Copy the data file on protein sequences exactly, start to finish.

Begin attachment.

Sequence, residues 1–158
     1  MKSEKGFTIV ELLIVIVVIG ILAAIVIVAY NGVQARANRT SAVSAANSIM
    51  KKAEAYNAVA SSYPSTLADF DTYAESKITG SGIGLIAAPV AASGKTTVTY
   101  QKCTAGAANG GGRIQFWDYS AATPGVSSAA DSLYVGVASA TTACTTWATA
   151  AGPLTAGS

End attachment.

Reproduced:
Sequence, residues 1–158
     1  MKSEKGFTIV ELLIVIVVIG ILAAIVIVAY NGVQARANRT SAVSAANSIM
    51  KKAEAYNAVA SSYPSTLADF DTYAESKITG SGIGLIAAPV AASGKTTVTY
   101  QKCTAGAANG GGRIQFWDYS AATPGVSSAA DSLYVGVASA TTACTTWATA
   151  AGPLTAGS